Several studies have found an association between the hospital volume and adverse events in the context of total hip arthroplasty (THA), but no such studies on TEA have been published. Both surgeon volume and hospital volume have been suggested to be the best indicators of orthopedic adverse events in patients undergoing THA (Solomon et al. 2002). In a systematic literature review, an association was found between higher hospital volumes and lower rates of mortality and hip dislocation (Shervin et al. 2007). Inferior survival rates of the TEAs performed in the unpecialized hospitals demonstrate the importance of proper indications, surgical technique, and postoperative follow-up, and endorse the centralization of these operations at specialized units.

The inferior survival rates in the Souter-Strathclyde TEAs implanted in the early years of the Finnish Arthroplasty Register have improved over the years. Possible reasons for this include better surgical technique with triceps-sparing approaches, better cementing technique and equipment, and a postoperative regime that allows the triceps to heal. Also, it is possible that the elbows that underwent earlier operations may have undergone more severe destruction from RA, and were thus less optimal for implant arthroplasty.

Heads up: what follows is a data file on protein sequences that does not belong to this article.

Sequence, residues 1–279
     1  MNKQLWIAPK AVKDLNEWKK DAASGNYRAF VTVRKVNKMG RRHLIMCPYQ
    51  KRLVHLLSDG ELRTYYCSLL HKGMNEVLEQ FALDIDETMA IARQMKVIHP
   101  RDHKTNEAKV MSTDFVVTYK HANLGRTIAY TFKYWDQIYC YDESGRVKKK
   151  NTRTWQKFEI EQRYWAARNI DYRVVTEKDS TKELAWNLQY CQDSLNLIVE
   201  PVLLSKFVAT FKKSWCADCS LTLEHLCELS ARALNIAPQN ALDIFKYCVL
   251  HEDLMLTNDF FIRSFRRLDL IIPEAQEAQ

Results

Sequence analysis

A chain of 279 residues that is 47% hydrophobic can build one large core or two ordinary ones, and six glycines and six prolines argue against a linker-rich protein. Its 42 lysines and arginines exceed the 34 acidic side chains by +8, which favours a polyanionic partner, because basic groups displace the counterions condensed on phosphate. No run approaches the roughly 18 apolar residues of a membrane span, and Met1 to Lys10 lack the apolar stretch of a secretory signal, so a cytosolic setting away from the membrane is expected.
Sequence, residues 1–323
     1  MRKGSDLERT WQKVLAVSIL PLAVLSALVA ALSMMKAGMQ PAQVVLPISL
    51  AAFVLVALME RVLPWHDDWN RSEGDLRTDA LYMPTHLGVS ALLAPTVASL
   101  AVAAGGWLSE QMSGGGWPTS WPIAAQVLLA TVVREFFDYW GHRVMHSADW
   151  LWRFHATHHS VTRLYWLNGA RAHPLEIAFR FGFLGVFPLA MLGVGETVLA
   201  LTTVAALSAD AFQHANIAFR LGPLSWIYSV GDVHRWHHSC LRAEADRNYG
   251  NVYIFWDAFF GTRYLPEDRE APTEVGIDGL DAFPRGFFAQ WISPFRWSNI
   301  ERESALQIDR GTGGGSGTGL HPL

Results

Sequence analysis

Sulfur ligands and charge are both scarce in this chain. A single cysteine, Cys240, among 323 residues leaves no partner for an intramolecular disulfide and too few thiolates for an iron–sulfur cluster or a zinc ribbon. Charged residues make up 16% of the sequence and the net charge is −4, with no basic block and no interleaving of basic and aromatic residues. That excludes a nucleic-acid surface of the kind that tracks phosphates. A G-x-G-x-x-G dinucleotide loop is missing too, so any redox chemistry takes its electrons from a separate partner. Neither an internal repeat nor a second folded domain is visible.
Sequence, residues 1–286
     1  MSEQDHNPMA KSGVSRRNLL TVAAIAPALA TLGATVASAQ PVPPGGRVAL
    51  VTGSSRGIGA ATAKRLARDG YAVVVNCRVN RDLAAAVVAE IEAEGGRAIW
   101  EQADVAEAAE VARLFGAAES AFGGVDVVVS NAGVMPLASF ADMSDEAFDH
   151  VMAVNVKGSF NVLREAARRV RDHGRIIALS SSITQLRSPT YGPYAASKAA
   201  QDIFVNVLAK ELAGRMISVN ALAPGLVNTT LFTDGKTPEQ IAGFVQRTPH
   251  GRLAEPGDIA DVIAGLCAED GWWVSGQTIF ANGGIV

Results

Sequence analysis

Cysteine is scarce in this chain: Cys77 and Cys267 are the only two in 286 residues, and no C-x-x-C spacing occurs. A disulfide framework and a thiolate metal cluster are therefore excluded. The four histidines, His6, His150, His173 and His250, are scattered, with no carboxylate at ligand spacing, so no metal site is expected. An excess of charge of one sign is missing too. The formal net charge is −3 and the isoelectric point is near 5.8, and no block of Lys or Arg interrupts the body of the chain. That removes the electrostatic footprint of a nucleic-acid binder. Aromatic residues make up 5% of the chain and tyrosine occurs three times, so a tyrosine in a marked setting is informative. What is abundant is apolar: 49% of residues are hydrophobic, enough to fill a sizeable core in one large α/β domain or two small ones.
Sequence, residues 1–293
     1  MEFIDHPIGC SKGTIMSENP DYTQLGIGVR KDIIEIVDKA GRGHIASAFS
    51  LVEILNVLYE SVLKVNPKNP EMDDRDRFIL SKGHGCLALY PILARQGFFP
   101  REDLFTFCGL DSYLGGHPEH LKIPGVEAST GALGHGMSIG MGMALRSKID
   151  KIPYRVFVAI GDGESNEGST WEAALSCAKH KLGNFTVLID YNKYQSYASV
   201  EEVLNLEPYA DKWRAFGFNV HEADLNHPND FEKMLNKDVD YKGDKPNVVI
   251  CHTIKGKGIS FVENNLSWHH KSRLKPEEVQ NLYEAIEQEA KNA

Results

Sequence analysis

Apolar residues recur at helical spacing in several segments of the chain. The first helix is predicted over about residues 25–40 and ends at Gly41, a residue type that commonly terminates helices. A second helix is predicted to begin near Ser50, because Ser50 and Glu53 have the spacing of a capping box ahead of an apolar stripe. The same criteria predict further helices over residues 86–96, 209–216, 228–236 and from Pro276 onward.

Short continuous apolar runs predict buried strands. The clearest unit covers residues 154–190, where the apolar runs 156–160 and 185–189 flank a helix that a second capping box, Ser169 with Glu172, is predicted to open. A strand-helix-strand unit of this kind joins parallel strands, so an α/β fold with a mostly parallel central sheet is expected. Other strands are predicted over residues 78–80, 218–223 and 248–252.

According to our results, it appears that success of reconstruction of a non-weight bearing joint such as the elbow by means of TEA is not as affected by implant choice to the same extent as hip (Eskelinen et al. 2005) and knee (Robertsson et al. 2001) arthroplasty. The explanation for this may be that both the contemporary semi-constrained and unconstrained TEA designs perform in a more or less unconstrained manner when properly inserted (Hargreaves and Emery 1999).

Acknowledgements

ETS and AE: study design, data analysis, and preparation of the manuscript. PP, MI, and VR: study design and preparation of the manuscript.